Dental care workers are frequently exposed to various types of volatile organic and inorganic compounds. In addition to biological materials, these compounds include silica, heavy metals, and acrylic plastics. Such exposures may cause respiratory symptoms, but the nonspecific nature of these symptoms often means that the etiology is difficult to discern. The disease severity depends on the particle size and type of the inhaled compounds, as well as the duration and intensity of exposure, which varies markedly among dental workers. Here, we present two unique cases with the same occupational exposure. Both patients showed radiological changes in the lungs that were suspicious for lung cancer. The first patient did not undergo a biopsy due to cardiac comorbidities and risk of bleeding, and the diagnosis was based on thoracic computer tomography (CT) which confirmed multiple, bilateral, solid, smooth, partly calcified lung nodules, normal positron emission tomography (PET)-CT and the relevant occupational exposure. In the second case, a CT-guided biopsy and thoracoscopic resection was done with histopathological findings consistent with granuloma. The multi-disciplinary team decision of both cases was consistent with occupational exposure related lunge disease. This is the first case study report whereby same occupational exposure related health condition is compared with two different approaches. Respiratory clinicians should be aware of this potential diagnosis, especially for asymptomatic patients with relevant exposures. Careful attention to the occupational history may help to prevent unnecessary, invasive diagnostic procedures or surgeries.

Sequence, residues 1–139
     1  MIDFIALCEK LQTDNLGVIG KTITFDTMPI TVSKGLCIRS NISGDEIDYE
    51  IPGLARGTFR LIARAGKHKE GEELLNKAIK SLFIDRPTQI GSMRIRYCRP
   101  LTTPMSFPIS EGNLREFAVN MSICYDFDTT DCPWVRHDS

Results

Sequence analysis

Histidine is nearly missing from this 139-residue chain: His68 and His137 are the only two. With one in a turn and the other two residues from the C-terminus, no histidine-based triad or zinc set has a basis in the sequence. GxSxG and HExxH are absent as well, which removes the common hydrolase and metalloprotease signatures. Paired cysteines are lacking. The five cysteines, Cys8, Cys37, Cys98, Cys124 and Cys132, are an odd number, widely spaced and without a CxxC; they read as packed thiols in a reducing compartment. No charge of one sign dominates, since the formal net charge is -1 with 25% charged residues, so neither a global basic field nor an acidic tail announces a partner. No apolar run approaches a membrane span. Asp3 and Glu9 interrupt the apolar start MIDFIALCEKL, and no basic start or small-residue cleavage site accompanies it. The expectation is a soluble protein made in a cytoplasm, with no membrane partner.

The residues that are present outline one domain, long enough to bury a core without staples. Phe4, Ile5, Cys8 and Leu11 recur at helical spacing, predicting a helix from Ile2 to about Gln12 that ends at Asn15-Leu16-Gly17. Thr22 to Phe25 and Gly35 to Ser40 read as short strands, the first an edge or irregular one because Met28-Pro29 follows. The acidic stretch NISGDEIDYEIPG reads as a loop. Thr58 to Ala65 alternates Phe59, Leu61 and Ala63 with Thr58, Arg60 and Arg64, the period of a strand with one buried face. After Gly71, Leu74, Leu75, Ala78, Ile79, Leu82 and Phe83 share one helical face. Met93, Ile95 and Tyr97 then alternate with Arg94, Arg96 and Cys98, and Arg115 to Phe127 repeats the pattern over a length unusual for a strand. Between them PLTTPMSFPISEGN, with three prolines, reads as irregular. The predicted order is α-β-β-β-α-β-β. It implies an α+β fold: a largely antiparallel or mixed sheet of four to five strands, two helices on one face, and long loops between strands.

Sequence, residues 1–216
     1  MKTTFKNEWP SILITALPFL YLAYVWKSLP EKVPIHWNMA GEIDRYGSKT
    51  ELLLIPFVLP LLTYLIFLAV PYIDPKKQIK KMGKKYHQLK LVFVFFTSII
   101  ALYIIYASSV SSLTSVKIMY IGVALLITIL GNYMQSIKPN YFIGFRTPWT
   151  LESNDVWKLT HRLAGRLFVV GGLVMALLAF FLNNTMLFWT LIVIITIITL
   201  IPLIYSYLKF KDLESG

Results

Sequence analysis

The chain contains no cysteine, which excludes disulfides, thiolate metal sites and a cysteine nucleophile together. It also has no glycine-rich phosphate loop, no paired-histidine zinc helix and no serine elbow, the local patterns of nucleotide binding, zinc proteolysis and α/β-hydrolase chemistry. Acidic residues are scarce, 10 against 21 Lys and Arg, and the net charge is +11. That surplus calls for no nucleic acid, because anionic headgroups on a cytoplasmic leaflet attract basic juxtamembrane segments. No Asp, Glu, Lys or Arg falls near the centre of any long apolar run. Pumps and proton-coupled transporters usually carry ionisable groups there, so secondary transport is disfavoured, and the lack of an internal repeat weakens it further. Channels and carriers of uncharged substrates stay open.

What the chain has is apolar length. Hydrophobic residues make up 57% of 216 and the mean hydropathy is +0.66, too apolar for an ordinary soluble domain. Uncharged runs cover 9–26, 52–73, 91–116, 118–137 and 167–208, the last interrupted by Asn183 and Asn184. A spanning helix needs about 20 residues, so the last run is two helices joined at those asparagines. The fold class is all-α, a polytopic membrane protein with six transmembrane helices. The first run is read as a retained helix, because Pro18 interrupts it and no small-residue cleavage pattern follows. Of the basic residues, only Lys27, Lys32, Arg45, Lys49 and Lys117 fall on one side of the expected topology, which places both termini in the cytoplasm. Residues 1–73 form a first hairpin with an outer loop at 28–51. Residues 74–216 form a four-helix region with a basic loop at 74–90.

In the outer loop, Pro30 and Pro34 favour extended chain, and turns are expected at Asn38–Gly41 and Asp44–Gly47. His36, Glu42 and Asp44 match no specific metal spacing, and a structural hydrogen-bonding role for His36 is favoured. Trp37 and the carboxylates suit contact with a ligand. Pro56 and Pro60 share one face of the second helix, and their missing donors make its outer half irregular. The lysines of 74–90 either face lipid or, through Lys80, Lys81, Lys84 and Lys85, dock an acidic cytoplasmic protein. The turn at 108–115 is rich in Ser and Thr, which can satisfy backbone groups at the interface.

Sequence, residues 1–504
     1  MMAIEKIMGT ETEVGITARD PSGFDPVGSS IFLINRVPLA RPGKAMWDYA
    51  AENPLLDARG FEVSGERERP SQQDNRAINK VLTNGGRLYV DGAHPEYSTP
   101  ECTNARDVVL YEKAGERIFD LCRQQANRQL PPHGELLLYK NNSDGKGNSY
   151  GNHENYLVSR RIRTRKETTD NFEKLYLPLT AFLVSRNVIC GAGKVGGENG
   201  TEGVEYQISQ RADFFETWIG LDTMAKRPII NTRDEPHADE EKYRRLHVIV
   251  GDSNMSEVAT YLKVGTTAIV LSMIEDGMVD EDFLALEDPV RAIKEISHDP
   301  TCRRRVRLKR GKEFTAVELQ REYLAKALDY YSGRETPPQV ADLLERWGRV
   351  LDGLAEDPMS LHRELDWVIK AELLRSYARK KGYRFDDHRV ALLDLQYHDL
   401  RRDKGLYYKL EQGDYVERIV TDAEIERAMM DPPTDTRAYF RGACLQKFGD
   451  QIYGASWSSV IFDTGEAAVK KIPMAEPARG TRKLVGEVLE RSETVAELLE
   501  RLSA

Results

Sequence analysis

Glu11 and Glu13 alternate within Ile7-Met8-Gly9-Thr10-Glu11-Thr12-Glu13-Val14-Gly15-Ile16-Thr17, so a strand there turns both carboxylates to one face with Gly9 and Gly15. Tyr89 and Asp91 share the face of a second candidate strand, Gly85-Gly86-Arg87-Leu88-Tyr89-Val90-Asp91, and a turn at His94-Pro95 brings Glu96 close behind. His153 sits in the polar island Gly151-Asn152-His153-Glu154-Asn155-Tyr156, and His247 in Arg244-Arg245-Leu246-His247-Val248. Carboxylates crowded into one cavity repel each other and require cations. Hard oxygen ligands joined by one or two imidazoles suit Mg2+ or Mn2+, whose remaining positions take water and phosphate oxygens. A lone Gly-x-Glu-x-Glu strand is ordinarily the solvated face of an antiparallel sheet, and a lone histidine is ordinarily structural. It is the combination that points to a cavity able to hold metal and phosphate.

Bibliografisk notePublisher Copyright:
© 2022 The Authors